Leading article: Australia is keeping its head above water

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The Independent Online

If an area the size of France and Germany disappeared under water in most parts of the world, the consequences would be shattering. A special session of the United Nations might well be held as aid agencies scrambled to draw up emergency strategies.

This being Australia, it's a different story. The government in Canberra has neither sought, nor been offered, international help, and is managing the disaster in Queensland solo. Given the scale of the destruction and the number of people who have fled their homes, the death toll is astonishingly low. So far, only two or three deaths from drowning have been reported. It deeply regrettable that anyone should have drowned in these floods. But when it is recalled that about 22 towns around Rockhampton have been significantly affected or inundated by floodwater, what is striking is the stoicism with which the people of Queensland are going about their business.

Some will draw comparisons with the events of five years ago in New Orleans, after the levees broke. The floods in Louisiana led to scenes of chaos, while the outcry over the US government's failure to better manage the disaster shook George Bush's presidency. Thousands of former residents of the city have never returned.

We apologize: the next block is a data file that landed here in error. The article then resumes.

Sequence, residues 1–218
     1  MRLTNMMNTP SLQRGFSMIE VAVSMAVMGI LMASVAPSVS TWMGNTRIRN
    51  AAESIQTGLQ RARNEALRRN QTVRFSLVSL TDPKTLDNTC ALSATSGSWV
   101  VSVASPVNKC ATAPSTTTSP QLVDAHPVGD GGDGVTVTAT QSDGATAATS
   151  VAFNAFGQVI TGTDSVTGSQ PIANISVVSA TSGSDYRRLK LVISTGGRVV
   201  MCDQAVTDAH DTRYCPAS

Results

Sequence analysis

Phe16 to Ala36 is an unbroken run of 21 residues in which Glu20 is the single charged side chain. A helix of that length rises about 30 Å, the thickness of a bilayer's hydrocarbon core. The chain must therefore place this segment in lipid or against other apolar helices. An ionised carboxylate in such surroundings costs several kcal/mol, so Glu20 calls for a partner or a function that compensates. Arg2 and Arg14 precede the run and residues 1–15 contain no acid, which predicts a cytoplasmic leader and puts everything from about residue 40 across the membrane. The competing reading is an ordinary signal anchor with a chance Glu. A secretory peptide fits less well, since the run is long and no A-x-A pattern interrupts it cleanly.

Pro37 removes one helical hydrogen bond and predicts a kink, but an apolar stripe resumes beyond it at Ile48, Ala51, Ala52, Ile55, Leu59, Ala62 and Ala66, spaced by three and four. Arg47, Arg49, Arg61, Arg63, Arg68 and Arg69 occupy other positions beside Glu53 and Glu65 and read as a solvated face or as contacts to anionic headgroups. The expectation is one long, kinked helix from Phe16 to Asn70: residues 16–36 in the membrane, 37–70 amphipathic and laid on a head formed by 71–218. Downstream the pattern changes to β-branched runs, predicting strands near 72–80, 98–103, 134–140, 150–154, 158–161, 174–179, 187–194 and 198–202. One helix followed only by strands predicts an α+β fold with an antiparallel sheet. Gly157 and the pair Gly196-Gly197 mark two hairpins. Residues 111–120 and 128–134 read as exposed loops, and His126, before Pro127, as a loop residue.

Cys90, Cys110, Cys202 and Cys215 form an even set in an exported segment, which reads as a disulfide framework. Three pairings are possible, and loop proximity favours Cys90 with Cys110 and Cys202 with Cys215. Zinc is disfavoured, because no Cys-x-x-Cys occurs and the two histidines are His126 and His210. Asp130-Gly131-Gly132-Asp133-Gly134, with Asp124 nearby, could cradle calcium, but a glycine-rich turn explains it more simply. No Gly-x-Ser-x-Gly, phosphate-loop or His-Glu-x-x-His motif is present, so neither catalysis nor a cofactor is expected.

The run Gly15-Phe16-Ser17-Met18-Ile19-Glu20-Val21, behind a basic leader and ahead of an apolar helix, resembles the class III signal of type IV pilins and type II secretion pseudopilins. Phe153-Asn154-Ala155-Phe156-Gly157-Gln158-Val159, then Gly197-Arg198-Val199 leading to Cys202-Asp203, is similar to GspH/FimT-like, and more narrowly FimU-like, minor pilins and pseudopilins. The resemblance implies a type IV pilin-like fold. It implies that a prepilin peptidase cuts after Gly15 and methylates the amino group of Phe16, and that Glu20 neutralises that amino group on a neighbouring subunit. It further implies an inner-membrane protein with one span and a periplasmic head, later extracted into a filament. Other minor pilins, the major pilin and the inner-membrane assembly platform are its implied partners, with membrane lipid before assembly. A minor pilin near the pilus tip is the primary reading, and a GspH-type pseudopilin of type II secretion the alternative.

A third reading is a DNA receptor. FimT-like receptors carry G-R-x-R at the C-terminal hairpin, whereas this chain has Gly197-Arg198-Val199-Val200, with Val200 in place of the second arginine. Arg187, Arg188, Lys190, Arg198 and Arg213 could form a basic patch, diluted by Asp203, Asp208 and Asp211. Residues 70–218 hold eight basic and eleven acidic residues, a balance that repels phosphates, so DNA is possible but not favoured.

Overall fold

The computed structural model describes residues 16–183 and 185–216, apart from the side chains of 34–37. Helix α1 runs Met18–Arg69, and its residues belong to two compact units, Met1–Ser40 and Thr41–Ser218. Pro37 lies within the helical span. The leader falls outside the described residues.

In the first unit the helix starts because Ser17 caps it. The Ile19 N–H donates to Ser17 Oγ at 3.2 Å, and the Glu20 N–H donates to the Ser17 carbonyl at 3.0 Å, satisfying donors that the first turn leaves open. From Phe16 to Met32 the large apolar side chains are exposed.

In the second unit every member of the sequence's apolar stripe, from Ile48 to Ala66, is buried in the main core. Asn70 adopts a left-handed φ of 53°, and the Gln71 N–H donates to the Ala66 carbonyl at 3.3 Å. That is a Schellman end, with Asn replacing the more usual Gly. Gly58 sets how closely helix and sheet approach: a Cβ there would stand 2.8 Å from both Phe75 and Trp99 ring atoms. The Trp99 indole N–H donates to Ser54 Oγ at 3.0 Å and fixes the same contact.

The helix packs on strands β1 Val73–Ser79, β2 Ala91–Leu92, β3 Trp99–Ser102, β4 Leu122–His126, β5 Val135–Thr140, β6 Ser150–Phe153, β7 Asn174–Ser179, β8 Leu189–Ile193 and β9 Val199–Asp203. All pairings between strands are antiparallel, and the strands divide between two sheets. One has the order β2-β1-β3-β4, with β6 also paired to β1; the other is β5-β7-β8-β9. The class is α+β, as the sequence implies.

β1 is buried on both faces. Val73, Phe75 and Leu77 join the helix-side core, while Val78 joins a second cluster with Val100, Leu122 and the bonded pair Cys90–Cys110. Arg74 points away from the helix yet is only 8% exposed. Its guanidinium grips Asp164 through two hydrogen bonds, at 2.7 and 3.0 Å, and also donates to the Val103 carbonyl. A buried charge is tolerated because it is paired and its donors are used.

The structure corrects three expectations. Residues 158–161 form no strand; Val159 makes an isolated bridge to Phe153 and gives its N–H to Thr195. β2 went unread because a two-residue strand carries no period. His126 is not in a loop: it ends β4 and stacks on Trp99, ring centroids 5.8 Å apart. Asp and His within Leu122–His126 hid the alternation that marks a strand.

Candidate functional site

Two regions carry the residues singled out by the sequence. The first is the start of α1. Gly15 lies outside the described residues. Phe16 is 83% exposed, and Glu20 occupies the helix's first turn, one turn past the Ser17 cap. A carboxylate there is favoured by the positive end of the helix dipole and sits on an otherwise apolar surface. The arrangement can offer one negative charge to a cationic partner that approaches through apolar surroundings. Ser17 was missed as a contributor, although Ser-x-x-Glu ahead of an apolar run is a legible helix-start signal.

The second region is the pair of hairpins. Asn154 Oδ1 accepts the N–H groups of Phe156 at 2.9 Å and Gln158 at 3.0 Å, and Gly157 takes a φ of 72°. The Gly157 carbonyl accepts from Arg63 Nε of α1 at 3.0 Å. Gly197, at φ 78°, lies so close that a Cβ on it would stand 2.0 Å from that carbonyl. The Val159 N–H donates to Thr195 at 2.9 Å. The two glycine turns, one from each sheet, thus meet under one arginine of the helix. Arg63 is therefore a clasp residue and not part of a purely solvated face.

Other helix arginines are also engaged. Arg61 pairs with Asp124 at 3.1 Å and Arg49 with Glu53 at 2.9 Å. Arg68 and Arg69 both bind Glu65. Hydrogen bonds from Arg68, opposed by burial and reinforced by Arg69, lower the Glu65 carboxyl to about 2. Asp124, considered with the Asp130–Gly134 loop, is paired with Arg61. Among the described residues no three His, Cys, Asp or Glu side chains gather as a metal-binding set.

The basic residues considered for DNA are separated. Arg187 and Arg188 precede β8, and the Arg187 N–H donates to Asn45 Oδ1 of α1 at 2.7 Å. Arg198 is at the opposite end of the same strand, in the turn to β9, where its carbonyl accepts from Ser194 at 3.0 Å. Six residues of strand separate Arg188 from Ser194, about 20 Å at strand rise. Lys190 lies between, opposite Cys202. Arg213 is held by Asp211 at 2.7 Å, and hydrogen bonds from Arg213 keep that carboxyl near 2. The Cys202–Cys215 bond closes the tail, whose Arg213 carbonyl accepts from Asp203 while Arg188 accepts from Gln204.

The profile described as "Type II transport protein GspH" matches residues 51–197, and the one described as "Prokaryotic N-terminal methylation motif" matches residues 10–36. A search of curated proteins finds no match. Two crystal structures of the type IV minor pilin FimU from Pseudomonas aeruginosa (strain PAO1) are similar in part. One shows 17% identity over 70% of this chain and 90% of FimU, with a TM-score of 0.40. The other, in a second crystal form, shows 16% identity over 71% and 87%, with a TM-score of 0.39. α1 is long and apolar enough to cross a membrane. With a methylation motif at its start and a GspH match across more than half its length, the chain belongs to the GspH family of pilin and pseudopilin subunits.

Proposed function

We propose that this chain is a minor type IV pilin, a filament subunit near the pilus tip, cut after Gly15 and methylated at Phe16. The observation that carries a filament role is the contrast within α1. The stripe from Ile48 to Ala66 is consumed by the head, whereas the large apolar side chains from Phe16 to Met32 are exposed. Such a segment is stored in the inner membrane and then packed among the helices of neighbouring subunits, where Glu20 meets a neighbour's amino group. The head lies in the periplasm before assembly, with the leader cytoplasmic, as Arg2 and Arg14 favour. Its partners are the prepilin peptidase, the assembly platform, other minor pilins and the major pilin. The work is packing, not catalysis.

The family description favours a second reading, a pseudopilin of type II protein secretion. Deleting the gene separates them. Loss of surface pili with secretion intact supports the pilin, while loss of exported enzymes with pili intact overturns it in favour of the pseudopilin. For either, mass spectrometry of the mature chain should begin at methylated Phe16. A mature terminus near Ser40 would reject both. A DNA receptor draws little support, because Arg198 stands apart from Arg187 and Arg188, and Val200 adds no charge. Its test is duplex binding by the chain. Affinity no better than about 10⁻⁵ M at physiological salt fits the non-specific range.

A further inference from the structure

The difference in reactions in the two countries at least partly reflects their different mentalities. Americans once were a nation of pioneers, ready to rough it in their log cabins and brave the elements. But it would seem fair to say that most Americans these days pride themselves on their ability to micromanage their domestic environments – from intruder alarms to garden sprinklers and air-conditioning.

Among Australians there is still a residual recognition that they live in a fairly inhospitable corner of the world as far as humans are concerned, and that Mother Nature will always have the last word. As the world's climate becomes more unstable and as natural disasters such as floods and typhoons become more common, perhaps we could all learn something from the gritty determination of Australians to get on with it.